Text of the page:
Moses and Aaron entered the tent of meeting, and then came out and blessed the people; and the glory of the Lord appeared to all the people. Fire came out from the Lord and consumed the burnt offering and the fat on the altar; and when all the people saw it, they shouted and fell on their faces. (NRSV 9:23-24)
And Moses and Aaron went into the tabernacle of the congregation, and came out, and blessed the people: and the glory of the Lord appeared unto all the people. And there came a fire out from before the Lord, and consumed upon the altar the burnt offering and the fat: which when all the people saw, they shouted, and fell on their faces. (KJV 9:23-24)
The fire of God might not be in the Tabernacle today, but wow, Israelites, you should have been there when it happened. At least there's still the eternal flame left behind by God's awesome fire from above. Honest.
And fire came out from the presence of the Lord and consumed them, and they died before the Lord. Then Moses said to Aaron, "This is what the Lord meant when he said, 'Through those who are near me I will show myself holy, and before all the people I will be glorified.' " And Aaron was silent. (NRSV 10:2-3)
And there went out fire from the Lord, and devoured them, and they died before the Lord. Then Moses said unto Aaron, This is it that the Lord spake, saying, I will be sanctified in them that come nigh me, and before all the people I will be glorified. And Aaron held his peace. (KJV 10:2-3)
This passage is best summarized by the following excerpt from the script for the upcoming Steven Spielberg movie on the life of Moses:
God: Yo, Aaron, remember when you did that whole golden calf thing despite my clear commands against idolatry? Well, it's payback time.
If she bears a female child, she shall be unclean two weeks, as in her menstruation; her time of blood purification shall be sixty-six days. (NRSV 12:5)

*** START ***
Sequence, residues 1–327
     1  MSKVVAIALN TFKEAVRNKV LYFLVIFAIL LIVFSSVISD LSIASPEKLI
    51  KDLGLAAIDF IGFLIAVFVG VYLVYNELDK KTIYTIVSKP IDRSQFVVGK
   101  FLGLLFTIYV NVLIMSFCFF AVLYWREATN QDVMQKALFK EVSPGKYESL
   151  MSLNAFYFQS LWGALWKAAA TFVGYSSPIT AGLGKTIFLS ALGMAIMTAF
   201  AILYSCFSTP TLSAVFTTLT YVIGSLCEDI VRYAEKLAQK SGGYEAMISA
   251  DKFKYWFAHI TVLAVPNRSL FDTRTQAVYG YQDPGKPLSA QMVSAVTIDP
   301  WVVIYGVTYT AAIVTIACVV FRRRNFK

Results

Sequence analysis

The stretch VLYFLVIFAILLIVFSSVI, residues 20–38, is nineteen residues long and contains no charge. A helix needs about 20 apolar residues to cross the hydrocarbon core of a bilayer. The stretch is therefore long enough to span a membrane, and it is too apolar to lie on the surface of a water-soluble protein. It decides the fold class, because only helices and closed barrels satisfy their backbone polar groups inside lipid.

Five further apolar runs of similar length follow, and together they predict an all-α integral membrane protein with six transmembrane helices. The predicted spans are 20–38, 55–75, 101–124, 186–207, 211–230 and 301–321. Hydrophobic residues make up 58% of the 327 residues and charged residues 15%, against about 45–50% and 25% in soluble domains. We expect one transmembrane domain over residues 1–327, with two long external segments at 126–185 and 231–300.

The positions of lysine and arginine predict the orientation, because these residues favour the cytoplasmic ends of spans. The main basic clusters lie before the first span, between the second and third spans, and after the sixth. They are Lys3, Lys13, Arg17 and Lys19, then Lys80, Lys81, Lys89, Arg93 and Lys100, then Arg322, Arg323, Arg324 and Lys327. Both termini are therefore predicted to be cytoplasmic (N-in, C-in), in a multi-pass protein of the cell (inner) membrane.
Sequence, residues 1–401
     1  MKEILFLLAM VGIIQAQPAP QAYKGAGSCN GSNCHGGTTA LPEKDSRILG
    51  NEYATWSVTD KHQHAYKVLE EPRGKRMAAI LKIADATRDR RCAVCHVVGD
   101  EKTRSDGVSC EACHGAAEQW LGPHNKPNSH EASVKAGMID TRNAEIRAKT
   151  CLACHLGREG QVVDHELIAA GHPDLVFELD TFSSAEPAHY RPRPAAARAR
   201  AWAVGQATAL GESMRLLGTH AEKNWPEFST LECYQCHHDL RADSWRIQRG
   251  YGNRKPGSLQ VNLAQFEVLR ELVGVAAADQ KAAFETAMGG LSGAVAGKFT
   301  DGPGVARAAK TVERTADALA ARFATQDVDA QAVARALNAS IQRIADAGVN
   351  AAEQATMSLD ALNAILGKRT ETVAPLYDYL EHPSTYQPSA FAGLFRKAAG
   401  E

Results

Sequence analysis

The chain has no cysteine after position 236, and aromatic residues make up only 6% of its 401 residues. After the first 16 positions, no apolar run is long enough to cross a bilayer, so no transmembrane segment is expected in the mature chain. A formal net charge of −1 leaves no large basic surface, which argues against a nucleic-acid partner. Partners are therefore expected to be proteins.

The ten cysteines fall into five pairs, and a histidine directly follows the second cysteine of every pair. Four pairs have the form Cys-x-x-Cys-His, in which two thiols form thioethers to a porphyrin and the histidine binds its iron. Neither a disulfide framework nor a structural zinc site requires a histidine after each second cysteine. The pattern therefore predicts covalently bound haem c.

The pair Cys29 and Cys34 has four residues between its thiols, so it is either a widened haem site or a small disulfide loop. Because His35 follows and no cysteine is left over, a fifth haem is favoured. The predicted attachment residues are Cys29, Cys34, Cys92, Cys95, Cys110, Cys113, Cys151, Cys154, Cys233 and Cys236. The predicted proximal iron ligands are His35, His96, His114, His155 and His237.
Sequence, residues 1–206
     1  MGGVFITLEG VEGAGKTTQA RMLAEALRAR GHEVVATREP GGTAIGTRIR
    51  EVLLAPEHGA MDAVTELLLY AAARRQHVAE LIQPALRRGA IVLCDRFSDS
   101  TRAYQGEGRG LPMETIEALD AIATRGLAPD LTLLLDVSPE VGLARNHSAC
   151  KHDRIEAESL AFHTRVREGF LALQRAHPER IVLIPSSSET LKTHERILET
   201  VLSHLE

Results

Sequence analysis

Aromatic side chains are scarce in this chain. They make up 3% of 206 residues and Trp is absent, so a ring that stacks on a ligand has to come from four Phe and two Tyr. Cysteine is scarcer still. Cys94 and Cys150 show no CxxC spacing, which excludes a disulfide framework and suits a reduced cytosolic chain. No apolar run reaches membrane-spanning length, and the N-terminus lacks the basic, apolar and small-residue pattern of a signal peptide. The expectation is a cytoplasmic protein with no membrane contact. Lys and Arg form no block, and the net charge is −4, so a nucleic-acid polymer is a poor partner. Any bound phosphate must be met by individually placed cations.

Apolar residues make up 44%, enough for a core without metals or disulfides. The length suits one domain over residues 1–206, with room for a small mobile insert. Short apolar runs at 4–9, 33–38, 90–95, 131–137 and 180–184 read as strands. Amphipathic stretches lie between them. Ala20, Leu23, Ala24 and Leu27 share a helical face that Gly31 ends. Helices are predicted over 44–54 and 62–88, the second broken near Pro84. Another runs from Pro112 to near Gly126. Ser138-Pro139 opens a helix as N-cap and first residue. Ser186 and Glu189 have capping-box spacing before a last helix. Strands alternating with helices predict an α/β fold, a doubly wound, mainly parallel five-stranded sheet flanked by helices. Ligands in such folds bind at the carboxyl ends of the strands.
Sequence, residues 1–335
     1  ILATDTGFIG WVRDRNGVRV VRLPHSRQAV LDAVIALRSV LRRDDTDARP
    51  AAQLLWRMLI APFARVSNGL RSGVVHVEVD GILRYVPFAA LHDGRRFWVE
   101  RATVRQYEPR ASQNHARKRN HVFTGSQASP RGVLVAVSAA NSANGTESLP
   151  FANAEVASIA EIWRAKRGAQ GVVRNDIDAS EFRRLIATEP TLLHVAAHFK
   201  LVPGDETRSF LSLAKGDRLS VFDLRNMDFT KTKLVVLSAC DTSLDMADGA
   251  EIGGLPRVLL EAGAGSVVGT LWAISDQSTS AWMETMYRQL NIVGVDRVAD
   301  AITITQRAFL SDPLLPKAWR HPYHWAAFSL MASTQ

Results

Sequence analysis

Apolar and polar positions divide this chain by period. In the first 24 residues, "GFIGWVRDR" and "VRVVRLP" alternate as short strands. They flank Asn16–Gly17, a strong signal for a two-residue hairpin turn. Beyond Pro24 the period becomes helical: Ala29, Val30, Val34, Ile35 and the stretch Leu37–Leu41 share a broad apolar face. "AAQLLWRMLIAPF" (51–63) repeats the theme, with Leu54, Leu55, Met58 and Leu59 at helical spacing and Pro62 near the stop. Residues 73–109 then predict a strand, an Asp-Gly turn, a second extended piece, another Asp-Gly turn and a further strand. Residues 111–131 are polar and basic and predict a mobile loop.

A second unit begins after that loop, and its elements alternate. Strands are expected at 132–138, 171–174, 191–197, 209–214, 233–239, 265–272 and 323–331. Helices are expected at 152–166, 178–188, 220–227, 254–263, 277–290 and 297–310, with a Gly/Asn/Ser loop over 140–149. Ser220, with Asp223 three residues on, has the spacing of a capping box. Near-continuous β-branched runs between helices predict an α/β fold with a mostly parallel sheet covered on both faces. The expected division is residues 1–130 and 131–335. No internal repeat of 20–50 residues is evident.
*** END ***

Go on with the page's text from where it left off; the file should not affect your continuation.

But if she bear a maid child, then she shall be unclean two weeks, as in her separation: and she shall continue in the blood of her purifying threescore and six days. (KJV 12:5)
Setting aside the longer time of uncleanness for giving birth to a girl, the spiritual significance of this chapter lies in what doesn't appear: demons.
In the ancient world, childbirth had long been an occasion for supernatural attacks on babies by demons such as Adam's first wife, Lilith. Leviticus, however, has little patience for such mystical woo-woo. Instead, it simply requires the mother to be sheltered throughout the vulnerable weeks immediately following delivery.
It might be a fusion of maternity leave with house arrest, but at least she no longer has to weary gaudy protective amulets.
Aaron shall present the goat on which the lot fell for the Lord, and offer it as a sin offering; but the goat on which the lot fell for Azazel shall be presented alive before the Lord to make atonement over it, that it may be sent away into the wilderness to Azazel. (NRSV 16:9-10)
And Aaron shall bring the goat upon which the Lord's lot fell, and offer him for a sin offering. But the goat, on which the lot fell to be the scapegoat, shall be presented alive before the Lord, to make an atonement with him, and to let him go for a scapegoat into the wilderness. (KJV 16:9-10)
The sacrifice of the scapegoat is one of the most influential passages from Leviticus. Its coolness as a metaphor is undisputed, but that doesn't mean we understand it.
What exactly is an "azazel"? Is it or is it not a demon? Only its hairdresser knows for sure.